visit roscrea7

 

 

 
Visit General Council to Ireland and Scotland

 

Visit of the General Council to Ireland and Scotland

grouppicturegarden 76hfroad

Central Team with Provincial Leadership Group 

May 25 was celebrated together with rscj in Dublin. Following Mass there was a general meeting, lunch and a second plenary session until it was time to go to a community for two hours during which there was a meal.

This pattern of time and a meal with the different communities was a feature of the visit.

May 26 - Nine different groups with whom rscj work and link did presentations. By then Boda and Marie Jeanne had left for Edinburgh. In the afternoon, Barb and Isabelle travelled to Armagh and from there went to Edinburgh for the regional day on 27 May.

rscjscotland wthct

 RSCJ in Scotland with the members of the General Council on Sunday 27 May


bodamariejeanne withbonnyrigg

Boda and Marie Jeanne In Bonnyrigg with Catherine, Monica, Rose,
and Jeanette McGlone (Helper of the Holy Souls).



On their return they visited rscj in Cedar House and had meetings with some of the staff, directors and members of the Cedar House Board.


generalcouncilwith leadershipgroup

General Council and Province Leadership Group IRS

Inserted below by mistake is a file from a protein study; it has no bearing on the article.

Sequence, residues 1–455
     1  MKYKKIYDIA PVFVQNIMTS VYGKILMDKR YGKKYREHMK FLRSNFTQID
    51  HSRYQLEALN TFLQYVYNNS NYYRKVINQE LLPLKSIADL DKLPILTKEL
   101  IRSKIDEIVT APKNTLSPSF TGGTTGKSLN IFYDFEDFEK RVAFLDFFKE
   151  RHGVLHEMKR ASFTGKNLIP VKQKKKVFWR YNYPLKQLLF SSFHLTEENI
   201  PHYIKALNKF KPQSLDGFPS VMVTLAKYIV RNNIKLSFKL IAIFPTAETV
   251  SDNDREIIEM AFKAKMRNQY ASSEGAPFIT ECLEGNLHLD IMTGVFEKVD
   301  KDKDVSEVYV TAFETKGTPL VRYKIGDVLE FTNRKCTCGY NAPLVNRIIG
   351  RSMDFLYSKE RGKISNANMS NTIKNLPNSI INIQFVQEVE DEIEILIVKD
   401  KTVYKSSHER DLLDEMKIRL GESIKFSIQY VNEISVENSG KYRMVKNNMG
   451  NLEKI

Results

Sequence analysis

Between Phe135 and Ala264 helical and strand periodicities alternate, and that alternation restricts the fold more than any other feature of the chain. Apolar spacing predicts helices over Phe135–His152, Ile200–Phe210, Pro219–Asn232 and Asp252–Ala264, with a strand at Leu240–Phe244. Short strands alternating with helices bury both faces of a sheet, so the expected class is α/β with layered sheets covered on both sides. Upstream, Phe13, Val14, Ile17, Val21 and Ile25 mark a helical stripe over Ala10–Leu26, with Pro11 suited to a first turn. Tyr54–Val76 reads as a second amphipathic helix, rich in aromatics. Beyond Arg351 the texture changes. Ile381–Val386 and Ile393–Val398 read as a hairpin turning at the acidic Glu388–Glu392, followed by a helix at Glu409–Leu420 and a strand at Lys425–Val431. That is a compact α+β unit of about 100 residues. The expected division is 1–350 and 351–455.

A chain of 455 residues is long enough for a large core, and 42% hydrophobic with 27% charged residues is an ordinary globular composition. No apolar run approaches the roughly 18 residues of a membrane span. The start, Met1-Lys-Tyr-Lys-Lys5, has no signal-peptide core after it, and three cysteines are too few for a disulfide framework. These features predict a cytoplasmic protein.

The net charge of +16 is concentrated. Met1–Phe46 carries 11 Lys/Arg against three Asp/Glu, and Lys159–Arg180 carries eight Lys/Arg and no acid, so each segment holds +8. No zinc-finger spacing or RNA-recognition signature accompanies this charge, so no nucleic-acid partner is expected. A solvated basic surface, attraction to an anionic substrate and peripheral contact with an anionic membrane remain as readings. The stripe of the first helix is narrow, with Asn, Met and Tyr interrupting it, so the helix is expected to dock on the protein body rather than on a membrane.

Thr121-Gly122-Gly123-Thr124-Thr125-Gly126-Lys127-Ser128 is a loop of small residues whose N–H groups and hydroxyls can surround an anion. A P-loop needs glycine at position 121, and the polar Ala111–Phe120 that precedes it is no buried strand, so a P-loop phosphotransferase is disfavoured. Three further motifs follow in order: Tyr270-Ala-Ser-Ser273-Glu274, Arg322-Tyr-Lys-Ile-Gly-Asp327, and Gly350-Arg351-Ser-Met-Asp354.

barb isabellesheilamadeleine

Barb & Isabelle visit Sheila & Madeleine


 

 
RSCJ in Migrant Education

Women Religious in Migrant Education

 

 

kylemore abbey paint 3d paint.net

 
PUERTO RICO NEWS - Maria

                     

An rscj in Haiti writes 

Maria….+ 118 ….as if it had been yesterday….


pr picture1 pr picture2 spr picture3

Cantera is one of the barrios on the fringes of Santurce, where we live.
Way back in the ‘70s some of our sisters started a Center that offers a variety of services, especially to the elderly and the very young.
I volunteered for four years to work with pre-K children.

During the last two weeks I have visited Cantera several times
with the one sisters who still works at the Center.
What did we find, whom did we meet?

Antonia, who lives with her two handicapped children. One of them is blind. Their house was flooded and of course, mattresses were drenched, clothes soaked… At the moment her biggest problem is that, with no electricity, she can barely do all the wash that is needed. But, no complaints. She only asked for adult pampers, but it may be possible to give them new mattresses as well.



pr antonia1

pr antonia2



Sonia and her handicapped daughter Naomi, who only have one bed for the  two of them,  and who live in a house where the ceiling leaks everywhere.